To Friend or Not to Friend: Facebook Boundaries With Your Former Spouse
Social media can support or tear apart your ability to effectively Co-Parent with your former spouse. On the one hand, you are trying to push aside hurt feelings from the past and focus on the present day raising your children together; on the other hand, one post from your former spouse can tear down all your resolve to do so in one moment. For example, a common complaint is that former partners decide to do something that they absolutely would not agree to do when they were married to you — and then post it on social media sending you into a spiral of anger. Begged her to go skydiving with you when you were married and she absolutely refused? Now you see a picture of her skydiving — and worse yet with some muscular guy that you don’t know but could be that trainer at the gym you said was always flirting with her! Asked your former spouse to help pay for an expensive extra-curricular program for your child that in your mind is a “once-in-a lifetime opportunity” and he says that money is too tight? Wait until you see a picture of him at the most expensive restaurant in town, or with a picture of a new motorcycle he just purchased! He refused to throw away his old, ratty “dad jeans” when you were married to him and now you see him in a hot new pair of expensive jeans next to his new boyfriend? BOOM! In one moment, all of your efforts to remain positive, neutral and focused on the present are gone as you move into an emotional rage that threatens to undo all your hard work as an amicable Co-Parent.
For all these reasons, sometimes being friends with a former spouse on social media can be dangerous and lead to negative feelings. Your former spouse may not intend to hurt you, and may be completely unaware that something they are posting is hitting a nerve, but it happens. However, being connected on social media can also be a positive way to share pictures of the children and keep the other parent updated on fun activities they are doing with the children when the other parent may be missing them. Children seeing that their parents can get along on social media as well as in person can be positive as well, especially if the parents leave “likes” and positive comments on each other’s postings.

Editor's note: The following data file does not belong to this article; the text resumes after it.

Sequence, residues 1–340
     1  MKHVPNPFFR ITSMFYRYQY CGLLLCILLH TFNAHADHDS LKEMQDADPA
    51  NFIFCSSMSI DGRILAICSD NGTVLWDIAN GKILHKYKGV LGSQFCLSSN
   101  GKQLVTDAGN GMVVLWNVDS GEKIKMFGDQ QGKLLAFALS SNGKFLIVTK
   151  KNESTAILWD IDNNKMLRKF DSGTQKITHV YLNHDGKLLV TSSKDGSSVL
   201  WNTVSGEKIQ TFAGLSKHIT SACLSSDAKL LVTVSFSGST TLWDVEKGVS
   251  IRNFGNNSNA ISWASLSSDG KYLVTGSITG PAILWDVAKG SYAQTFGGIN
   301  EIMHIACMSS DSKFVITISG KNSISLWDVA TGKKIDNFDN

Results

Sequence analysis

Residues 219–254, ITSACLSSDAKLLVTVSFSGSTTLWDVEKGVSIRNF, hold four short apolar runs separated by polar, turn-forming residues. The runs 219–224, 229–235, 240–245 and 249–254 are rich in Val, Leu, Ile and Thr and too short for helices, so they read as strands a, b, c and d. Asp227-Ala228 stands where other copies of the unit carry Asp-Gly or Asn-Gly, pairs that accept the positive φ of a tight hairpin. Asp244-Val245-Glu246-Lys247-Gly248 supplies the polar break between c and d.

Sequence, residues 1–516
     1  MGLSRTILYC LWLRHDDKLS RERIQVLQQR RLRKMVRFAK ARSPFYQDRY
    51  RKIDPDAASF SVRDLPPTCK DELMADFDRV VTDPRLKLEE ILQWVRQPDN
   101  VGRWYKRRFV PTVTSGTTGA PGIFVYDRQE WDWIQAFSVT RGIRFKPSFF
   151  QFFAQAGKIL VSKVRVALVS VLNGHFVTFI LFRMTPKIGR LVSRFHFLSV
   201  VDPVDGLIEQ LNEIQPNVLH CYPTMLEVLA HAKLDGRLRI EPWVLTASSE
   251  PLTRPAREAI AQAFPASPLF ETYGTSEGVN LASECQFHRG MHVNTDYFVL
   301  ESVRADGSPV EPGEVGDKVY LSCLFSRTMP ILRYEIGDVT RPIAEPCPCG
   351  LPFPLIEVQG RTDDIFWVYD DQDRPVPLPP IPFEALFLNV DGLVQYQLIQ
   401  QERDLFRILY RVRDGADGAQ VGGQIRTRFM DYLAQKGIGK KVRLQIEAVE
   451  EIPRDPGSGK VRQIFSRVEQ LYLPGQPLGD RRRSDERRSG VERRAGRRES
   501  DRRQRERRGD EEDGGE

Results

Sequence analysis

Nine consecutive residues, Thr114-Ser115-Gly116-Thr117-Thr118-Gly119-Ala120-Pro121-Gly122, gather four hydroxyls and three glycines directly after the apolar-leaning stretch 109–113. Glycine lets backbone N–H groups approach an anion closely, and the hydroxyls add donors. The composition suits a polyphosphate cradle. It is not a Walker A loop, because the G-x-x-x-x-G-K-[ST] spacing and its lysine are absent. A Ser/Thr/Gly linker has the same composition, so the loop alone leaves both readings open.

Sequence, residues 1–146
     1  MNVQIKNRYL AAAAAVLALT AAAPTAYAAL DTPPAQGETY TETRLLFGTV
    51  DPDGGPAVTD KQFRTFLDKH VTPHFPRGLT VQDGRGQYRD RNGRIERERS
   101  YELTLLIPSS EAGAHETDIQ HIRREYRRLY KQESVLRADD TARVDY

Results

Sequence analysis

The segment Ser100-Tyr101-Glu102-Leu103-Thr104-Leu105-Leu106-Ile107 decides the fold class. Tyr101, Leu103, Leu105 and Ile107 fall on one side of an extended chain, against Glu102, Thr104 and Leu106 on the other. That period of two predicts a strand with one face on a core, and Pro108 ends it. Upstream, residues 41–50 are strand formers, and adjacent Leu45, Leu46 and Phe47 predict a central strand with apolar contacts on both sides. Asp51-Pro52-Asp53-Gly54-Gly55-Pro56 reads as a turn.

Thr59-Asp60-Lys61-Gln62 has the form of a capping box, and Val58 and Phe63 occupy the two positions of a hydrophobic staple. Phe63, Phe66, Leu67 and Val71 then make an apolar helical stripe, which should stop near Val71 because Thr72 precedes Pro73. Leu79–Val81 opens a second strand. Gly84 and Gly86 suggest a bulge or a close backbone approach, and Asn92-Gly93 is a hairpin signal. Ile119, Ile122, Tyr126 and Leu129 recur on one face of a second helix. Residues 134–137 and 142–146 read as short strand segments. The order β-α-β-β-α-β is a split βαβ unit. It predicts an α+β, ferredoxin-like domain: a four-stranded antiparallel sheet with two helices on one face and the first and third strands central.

If you decide that the two of you will remain “friends” on social media, it is important to set some ground rules so that boundaries are established early:
- Both parents should be in agreement that this is comfortable for them and accept the fact that this feeling may change over time and either parent should feel safe to change their mind over time.
- Parents should never make a negative comment publicly online about something their former spouse posts, and definitely not in person to the children (and eye rolling counts as saying something negative!).
- Parents should consider the other person’s feelings as much as possible when posting about their lives and children. If you know your former spouse cannot stand the idea of their child jumping on trampolines, don’t post pictures of the children doing this activity. You will get a phone call within moments — ruining everyone’s good time! If you have decided to try something new you refused to do when you were married, consider whether or not it is wise to brag about it online, or at least consider giving your former spouse the “heads up” first.
- If you have a new romantic partner, let your former partner know about that person before you start posting pictures. The same goes for your children! Even if you are not ready to introduce your children to the new person in your life, do not post pictures of you together without speaking to your children about this change in your “relationship status”.
- If you decide that staying connected on social media is no longer comfortable for you and may be causing too many conflicts, contact your former spouse and let them know before you drop them online. They may be hurt and upset, but it is much better than finding out on their own.
- Remember whoever you stay friends with on social media connected with your former spouse will probably share and forward information to them even if you are not connected, so post with caution. The same goes for your children.
- Never ever disparage your former spouse or complain about your divorce problems online. Not only will this break down any positive Co-Parenting relationship you have developed with your former partner, but your children WILL find this one day. Imagine your little five-year old at age sixteen opening up a website and seeing terrible things being written by one of their parents about the other. Even if the situation has improved between the two of you over the years, your child stumbling upon this will be difficult — and you know it will be during their teen years when they are miserable enough just trying to survive adolescence!
- If you are not sure about something you should post — go with your gut and don’t put it out there. Better safe than sorry!
Remaining connected on social media with your former partner is a deeply personal choice that really depends on the unique situation you are in together. As long as you set boundaries early on, there is no harm in staying connected, but do not feel obligated to do so. After all, you are each an adult and need to stay connected for the sake of parenting, but you can choose to disconnect in other ways if that works best for your ability to move forward.